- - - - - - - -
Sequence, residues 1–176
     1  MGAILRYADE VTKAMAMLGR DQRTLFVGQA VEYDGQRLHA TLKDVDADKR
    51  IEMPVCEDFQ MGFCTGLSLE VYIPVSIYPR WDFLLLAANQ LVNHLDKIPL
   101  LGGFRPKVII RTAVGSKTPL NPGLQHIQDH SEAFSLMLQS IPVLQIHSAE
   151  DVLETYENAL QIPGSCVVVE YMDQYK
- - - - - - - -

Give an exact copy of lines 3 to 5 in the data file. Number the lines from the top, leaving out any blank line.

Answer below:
    51  IEMPVCEDFQ MGFCTGLSLE VYIPVSIYPR WDFLLLAANQ LVNHLDKIPL
   101  LGGFRPKVII RTAVGSKTPL NPGLQHIQDH SEAFSLMLQS IPVLQIHSAE
   151  DVLETYENAL QIPGSCVVVE YMDQYK